Juno, queen of the gods, had the fairest cow that any one ever saw. She was creamy white, and her eyes were of as soft and bright a blue as those of any maiden in the world. Juno and the king of the gods often played tricks on each other, and Juno knew well that the king would try to get her cow. There was a watchman named Argus, and one would think that he could see all that was going on in the world, for he had a hundred eyes, and no one had ever seen them all asleep at once, so Queen Juno gave to Argus the work of watching the white cow.
The king of the gods knew what she had done, and he laughed to himself and said, “I will play a trick on Juno, and I will have the white cow.” He sent for Mercury and whispered in his ear, “Mercury, go to the green field where Argus watches the cream-white cow and get her for me.”
“I will play a trick on Juno, and I will have the white cow.”
Mercury was always happy when he could play a trick on any one, and he set out gladly for the field where Argus watched the cream-white cow with every one of his hundred eyes.
Now Mercury could tell merry stories of all that was done in the world. He could sing, too, and the music of his voice had lulled many a god to sleep. Argus knew that, but he had been alone a long time, and he thought, “What harm is there in listening to his merry chatter? I have a hundred eyes, and even if half of them were asleep, the others could easily keep watch of one cow.” So he gladly hailed Mercury and said, “I have been alone in this field a long, long time, but you have roamed about as you would. Will you not sing to me, and tell me what has happened in the world? You would be glad to hear stories and music if you had nothing to do but watch a cow, even if it was the cow of a queen.”
So Mercury sang and told stories. Some of the songs were merry, and some were sad. The watchman closed one eye, then another and another, but there were two eyes that would not close for all the sad songs and all the merry ones. Then Mercury drew forth a hollow reed that he had brought from the river and began to play on it. It was a magic reed, and as he played, one could hear the water rippling gently on the shore and the breath of the wind in the pine-trees; one could see the lilies bending their heads as the dusk came on, and the stars twinkling softly in the summer sky.
It is no wonder that Argus closed one eye and then the other. Every one of his hundred eyes was fast asleep, and Mercury went away to the king of the gods with the cream-white cow.
Juno had so often played tricks on the king that he was happy because he had played this one on her, but Juno was angry, and she said to Argus, “You are a strange watchman. You have a hundred eyes, and you could not keep even one of them from falling asleep. My peacock is wiser than you, for he knows when any one is looking at him. I will put every one of your eyes in the tail of the peacock.” And to-day, whoever looks at the peacock can count in his tail the hundred eyes that once belonged to Argus.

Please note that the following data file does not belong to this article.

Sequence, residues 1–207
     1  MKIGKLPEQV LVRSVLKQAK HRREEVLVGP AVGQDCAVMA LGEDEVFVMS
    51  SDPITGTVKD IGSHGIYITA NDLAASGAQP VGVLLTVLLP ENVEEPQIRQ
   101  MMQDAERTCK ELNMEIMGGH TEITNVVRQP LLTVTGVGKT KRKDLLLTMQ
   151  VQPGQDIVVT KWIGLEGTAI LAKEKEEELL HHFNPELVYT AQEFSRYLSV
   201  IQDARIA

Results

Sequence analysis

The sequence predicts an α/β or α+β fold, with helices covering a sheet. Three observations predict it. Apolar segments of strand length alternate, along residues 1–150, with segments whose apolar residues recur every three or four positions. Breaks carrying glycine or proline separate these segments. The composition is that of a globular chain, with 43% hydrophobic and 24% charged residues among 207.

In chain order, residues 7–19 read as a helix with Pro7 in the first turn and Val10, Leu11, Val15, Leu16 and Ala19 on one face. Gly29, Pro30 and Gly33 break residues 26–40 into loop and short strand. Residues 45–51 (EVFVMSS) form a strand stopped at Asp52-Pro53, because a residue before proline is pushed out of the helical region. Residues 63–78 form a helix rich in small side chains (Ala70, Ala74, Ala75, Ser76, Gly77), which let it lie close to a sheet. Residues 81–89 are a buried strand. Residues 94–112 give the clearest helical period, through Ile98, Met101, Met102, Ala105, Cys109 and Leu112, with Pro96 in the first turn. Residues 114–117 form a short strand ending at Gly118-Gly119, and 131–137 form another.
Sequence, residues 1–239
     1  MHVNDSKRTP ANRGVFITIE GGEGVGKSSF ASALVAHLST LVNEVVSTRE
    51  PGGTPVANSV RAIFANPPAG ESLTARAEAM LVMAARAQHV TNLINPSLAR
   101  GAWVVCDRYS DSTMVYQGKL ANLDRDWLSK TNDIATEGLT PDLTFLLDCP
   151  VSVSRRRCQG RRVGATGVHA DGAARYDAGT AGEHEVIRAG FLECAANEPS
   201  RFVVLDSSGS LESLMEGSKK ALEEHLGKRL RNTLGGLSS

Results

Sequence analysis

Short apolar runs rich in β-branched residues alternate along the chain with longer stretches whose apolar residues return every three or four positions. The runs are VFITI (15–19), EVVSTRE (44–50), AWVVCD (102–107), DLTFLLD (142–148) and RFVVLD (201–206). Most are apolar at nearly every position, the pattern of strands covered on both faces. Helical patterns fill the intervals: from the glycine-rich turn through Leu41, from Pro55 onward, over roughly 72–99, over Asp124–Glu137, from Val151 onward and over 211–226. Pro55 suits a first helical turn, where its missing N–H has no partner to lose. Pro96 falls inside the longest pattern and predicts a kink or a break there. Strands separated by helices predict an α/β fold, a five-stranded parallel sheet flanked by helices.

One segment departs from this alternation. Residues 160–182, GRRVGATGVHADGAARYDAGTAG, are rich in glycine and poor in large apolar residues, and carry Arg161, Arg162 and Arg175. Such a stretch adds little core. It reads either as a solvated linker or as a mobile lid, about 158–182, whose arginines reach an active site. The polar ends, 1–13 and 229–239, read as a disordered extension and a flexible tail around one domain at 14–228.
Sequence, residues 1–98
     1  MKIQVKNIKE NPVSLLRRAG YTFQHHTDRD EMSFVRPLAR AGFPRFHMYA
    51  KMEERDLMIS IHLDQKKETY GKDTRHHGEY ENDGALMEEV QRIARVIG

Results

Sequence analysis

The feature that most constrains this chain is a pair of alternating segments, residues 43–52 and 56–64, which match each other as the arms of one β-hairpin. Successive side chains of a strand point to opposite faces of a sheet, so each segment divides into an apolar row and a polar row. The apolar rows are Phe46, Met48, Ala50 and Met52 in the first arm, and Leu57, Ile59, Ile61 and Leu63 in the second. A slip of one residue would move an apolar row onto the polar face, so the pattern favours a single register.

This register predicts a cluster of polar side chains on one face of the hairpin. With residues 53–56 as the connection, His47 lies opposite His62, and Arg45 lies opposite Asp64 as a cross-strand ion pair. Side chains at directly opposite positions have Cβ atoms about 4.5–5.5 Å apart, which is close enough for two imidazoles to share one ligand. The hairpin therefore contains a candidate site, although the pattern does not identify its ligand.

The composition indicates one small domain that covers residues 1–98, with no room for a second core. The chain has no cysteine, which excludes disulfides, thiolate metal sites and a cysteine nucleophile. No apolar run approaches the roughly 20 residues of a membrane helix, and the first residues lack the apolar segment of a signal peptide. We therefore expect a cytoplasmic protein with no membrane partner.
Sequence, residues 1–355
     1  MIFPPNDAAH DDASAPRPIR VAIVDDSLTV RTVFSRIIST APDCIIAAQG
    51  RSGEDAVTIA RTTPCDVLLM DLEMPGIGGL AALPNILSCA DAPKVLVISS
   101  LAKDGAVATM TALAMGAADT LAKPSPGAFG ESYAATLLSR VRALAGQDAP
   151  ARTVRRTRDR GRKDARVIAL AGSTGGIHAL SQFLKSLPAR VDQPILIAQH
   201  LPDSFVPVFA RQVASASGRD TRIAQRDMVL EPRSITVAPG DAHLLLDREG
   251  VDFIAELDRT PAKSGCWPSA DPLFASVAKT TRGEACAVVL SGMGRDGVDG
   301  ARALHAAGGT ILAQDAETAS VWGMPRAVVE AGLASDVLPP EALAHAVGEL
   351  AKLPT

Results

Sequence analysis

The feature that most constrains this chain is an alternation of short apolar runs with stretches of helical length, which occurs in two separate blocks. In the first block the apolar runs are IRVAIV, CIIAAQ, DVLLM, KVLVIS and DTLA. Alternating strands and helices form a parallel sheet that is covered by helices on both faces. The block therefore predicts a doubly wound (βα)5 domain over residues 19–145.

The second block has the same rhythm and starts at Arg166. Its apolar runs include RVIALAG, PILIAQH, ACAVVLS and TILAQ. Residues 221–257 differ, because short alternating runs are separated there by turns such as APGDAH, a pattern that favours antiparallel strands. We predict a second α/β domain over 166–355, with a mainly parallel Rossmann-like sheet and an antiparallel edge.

The Story Of The Bees And The Flies
There were once two tribes of little people who lived near together. They were not at all alike, for one of the tribes looked for food and carried it away to put it up safely for winter, while the other played and sang and danced all day long.
“Come and play with us,” said the lazy people, but the busy workers answered, “No, come and work with us. Winter will soon be here. Snow and ice will be everywhere, and if we do not put up food now we shall have none for the cold, stormy days.”
So the busy people brought honey from the flowers, but the lazy people kept on playing. They laughed together and whispered to one another, “See those busy workers! They will have food for two tribes, and they will give us some. Let us go and dance.”
While the summer lasted, one tribe worked and the other played. When winter came, the busy workers were sorry for their friends and said, “Let us give them some of our honey.” So the people who played had as much food as if they, too, had brought honey from the flowers.
Another summer was coming, and the workers said, “If we should make our home near the lilies that give us honey, it would be easier to get our food.” So the workers flew away, but the lazy people played and danced as they had done before while their friends were near, for they thought, “Oh, they will come back and bring us some honey.”
By and by the cold came, but the lazy people had nothing to eat, and the workers did not come with food. The manito had said to them, “Dear little workers, you shall no longer walk from flower to flower. I will give you wings, and you shall be bees.”